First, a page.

13. Earle, T. L., Linden, W., and Weinberg, J. (1999). Differential effects of harassment on cardiovascular and salivary cortisol stress reactivity and recovery in women and men. J. Psychosom. Res. 46: 125–141.PubMedCrossRefGoogle Scholar
  14. Ganster, D. C., Schaubroeck, J., Sime, W. E., and Mayes, B. T. (1991). The nomological validity of the Type A personality among employed adults. J. Appl. Psychol. 76: 143–168.PubMedCrossRefGoogle Scholar
  15. Glynn, L. M., Christenfeld, N., and Gerin, W. (2002). The role of rumination in recovery and reactivity: Cardiovascular consequences of emotional states. Psychosom. Med. 64: 714–726.PubMedCrossRefGoogle Scholar
  16. Habra, M. E., Linden, W. Anderson, J. C., and Weinberg, J. (2003). Type D personality is related to cardiovascular and neuroendocrine reactivity to acute stress. J. Psychosom. Res. 55: 235–245.PubMedCrossRefGoogle Scholar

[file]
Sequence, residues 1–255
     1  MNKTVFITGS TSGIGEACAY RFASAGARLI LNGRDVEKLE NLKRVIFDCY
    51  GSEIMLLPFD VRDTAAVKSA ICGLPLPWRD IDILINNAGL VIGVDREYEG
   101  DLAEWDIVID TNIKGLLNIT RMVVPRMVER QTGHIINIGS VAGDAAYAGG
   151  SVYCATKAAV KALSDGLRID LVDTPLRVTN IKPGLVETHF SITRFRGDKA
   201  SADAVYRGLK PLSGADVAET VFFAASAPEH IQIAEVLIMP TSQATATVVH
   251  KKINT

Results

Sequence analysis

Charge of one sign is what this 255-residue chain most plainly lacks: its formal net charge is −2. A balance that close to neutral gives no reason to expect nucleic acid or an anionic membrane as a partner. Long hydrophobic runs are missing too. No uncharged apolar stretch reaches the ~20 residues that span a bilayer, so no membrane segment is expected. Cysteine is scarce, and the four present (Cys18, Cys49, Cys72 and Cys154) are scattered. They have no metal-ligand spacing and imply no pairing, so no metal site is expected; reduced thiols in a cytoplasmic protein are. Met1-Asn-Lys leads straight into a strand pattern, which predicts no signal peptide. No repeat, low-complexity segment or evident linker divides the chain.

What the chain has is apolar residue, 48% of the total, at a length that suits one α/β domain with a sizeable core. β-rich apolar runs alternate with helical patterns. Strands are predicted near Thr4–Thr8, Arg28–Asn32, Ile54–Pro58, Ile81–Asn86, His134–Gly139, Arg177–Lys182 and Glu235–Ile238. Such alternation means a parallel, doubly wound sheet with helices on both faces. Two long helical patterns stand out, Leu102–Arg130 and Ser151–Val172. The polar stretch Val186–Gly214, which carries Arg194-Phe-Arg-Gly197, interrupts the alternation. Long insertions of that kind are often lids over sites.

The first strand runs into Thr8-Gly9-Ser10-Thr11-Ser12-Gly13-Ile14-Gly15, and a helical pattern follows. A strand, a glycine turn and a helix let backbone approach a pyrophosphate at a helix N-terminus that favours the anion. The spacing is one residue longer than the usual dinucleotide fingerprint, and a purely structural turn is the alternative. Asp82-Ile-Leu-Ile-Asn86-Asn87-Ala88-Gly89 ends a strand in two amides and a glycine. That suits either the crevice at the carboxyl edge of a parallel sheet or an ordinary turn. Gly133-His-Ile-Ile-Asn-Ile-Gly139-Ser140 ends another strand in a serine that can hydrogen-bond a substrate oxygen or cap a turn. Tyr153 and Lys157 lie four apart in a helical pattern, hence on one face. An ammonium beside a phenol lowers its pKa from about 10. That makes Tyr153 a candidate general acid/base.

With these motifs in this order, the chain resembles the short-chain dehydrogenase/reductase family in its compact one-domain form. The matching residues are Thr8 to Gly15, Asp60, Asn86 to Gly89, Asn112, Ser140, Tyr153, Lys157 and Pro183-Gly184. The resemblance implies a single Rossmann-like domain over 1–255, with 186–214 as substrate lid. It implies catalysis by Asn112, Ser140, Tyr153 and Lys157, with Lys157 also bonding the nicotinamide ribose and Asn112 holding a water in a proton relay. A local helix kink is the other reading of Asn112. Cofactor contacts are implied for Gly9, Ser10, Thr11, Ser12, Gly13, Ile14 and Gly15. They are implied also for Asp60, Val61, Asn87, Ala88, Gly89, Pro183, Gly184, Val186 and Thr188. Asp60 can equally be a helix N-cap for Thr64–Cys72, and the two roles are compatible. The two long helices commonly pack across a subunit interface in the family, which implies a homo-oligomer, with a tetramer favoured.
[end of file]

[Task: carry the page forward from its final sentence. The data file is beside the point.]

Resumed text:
17. Hocking-Schuler, J. L., and O’Brien, W. H. (1997). Cardiovascular recovery from stress and hypertension risk factors: A meta-analytic review. Psychophysiology 34: 649–659.CrossRefGoogle Scholar
  18. Hogan, B., and Linden, W. (2004). Ambulatory blood pressure and anger coping styles: At least don't ruminate about it. Ann. Behav. Med. 27: 38–49PubMedCrossRefGoogle Scholar
  19. Holmes, J. (1990). Apologies in New Zealand English. Lang. Soc. 19: 155–199.CrossRefGoogle Scholar
  20. Jorgensen, R. S., and Houston, B. K. (1986). Family history of hypertension, personality patterns, and cardiovascular reactivity to stress. Psychosom. Med. 48: 102–117.PubMedGoogle Scholar
  21. Jorgensen, R. S., and Houston, B. K. (1988). Cardiovascular reactivity, hostility, and family history of hypertension. Psychother. Psychosom. 50: 216–222.PubMedCrossRefGoogle Scholar